Emo rock band Dashboard Confessional headlined Pandora’s South by Southwest showcase at the Gatsby on Thursday.
To whom it may concern, but primarily Chris Carrabba,
Right now, there is a cool mist floating in Austin’s night air, and you are wearing black leather loafers. They look great. Where do you get off?
In all seriousness, I was a little worried I wouldn’t get into your SXSW show at the Gatsby tonight. But there I was, at the bar and talking to a charming woman from Erie, Pennsylvania, about our favorite “Project Runway” contestants, when you planted those loafers on the stage. Me and everyone else in the audience were on the same page. We wanted you to sing “Hands Down.” I’m sure you get that a lot.
You’ve made a career of backing away from the microphone, in these latter days of millennials having life insurance policies instead of LiveJournals. “Should we, like, sing one together?” you asked almost as soon as we saw you. I truly don’t think you got past one verse of “The Best Deceptions” before you dropped back and let your audience fill in the blanks.
See, I don’t get the feeling that you’re salty about singing to a flock of parrots every night. You smiled through your sound problems, and you maintained eye contact longer than my optometrist does. You stared deep into individual audience members’ peepers when you sang “you have stolen my heart.” I’m not saying I’m afraid of commitment, but when you did that, I wanted to change my address. You’re a ray of sunshine singing the saddest songs in black skinny jeans. You know your oeuvre is the “previous experience” section on the emotional résumés of most people here. (Duties included: screaming infidelities, laying my armor down, light clerical work.) Thanks for playing ball.
And yep, “Hands Down” gave everyone their life around 1:30 a.m. I know that you meant it, Chris. You meant it.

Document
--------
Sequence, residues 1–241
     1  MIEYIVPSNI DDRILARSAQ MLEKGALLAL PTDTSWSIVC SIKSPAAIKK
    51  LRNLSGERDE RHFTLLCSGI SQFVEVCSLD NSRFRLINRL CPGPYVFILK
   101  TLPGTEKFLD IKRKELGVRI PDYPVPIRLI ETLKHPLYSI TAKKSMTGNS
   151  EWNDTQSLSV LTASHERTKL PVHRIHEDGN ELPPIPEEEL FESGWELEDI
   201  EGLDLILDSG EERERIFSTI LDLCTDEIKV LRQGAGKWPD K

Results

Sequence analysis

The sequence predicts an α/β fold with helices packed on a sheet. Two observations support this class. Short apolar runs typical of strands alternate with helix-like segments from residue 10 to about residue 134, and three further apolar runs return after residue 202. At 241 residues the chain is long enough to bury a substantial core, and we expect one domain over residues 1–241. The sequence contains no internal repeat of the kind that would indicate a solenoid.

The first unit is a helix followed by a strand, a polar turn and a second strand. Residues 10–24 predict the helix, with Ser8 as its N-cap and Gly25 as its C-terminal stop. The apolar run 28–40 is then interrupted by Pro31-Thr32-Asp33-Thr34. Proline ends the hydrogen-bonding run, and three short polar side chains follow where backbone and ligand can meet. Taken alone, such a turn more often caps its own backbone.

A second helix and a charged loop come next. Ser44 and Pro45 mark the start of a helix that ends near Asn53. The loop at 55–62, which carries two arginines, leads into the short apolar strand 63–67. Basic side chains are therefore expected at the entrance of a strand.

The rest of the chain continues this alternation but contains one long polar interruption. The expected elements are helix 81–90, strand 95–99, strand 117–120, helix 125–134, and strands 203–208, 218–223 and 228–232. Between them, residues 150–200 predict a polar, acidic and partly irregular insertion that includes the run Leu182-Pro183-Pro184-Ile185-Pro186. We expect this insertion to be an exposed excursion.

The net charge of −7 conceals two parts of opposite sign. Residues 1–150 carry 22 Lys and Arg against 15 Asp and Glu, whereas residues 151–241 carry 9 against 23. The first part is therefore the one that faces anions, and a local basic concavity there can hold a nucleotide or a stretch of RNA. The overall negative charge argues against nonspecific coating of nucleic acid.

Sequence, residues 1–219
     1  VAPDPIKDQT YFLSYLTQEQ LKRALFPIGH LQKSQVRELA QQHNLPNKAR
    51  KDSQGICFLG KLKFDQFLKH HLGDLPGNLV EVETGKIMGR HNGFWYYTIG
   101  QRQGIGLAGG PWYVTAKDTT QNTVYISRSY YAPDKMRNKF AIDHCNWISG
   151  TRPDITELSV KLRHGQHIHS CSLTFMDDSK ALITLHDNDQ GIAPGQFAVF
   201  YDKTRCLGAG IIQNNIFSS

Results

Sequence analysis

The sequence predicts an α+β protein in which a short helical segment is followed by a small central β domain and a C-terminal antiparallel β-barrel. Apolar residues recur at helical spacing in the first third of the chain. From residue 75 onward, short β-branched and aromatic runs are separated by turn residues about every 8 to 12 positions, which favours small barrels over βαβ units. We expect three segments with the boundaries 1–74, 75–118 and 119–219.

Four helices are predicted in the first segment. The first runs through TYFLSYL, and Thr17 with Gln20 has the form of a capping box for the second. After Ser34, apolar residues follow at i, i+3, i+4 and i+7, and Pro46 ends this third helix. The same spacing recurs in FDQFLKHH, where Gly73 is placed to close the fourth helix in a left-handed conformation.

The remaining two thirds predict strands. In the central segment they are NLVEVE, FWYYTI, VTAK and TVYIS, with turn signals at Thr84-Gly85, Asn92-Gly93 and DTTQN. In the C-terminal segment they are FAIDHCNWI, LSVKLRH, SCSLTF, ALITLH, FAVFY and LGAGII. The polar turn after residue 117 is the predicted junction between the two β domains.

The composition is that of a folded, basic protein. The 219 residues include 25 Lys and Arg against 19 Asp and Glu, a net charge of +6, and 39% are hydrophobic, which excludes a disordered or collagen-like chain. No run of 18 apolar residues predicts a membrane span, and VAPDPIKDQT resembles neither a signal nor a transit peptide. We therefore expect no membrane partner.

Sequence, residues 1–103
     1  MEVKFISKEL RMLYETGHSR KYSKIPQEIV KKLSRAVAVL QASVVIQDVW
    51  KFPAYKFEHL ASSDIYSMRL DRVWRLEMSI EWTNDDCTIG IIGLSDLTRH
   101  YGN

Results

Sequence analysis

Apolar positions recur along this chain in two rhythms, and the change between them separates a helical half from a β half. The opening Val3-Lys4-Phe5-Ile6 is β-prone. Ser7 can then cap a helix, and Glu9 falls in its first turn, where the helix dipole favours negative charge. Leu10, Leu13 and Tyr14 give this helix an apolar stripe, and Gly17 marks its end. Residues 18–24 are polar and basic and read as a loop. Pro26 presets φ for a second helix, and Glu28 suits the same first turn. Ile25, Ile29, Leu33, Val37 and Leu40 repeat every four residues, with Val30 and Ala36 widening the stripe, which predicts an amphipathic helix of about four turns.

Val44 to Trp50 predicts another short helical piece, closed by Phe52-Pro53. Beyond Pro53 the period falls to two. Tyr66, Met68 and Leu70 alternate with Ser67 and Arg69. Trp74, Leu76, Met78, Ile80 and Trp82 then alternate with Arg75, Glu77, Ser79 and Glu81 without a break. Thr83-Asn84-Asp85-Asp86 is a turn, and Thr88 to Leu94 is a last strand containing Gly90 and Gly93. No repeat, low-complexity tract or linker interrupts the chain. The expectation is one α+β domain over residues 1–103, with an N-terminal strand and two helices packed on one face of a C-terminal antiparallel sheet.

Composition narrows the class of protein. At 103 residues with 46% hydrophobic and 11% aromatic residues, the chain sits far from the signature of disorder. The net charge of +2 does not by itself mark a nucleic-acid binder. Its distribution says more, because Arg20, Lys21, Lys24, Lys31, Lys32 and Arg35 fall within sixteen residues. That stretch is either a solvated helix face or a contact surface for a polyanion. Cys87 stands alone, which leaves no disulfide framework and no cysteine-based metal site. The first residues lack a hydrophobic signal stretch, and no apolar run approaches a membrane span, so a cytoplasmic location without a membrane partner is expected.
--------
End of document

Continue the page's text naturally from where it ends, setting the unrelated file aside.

But let me address the elephant in the room (note that I avoided using the phrase “confess,” and you are welcome). I am not a deep cuts Dashboard man. As a #teen discovering music that was not sold at Family Christian Store for the first time, I went Death Cab when I was sad, and I went Yellowcard when I was amped. I don’t know if a 42-year-old is super jazzed to play their contribution to the “Spider-Man 2” soundtrack 14 years after the movie came out, but it meant a lot that you played “Vindicated.”
All you need to know is that it’s my 29th birthday as of midnight. When I was 15, I listened to “Vindicated” on repeat on my CD player, taking deep into myself the parts about being flawed but cleaning up so well. Correct, the actual story of the song has nothing to do with anything I was going through when I was 15, starting with the diamond ring and ended with parting anyone’s lips with my fingertips. But the point is, when I was doing “sad secret gay teenager,” I sat in the Regal Westgate movie theater and actually stayed for the credits to “Spider-Man 2.” Hope was dangling by a string, after all.
Send my best to the whole band, especially Chris Kamrada’s tank top.
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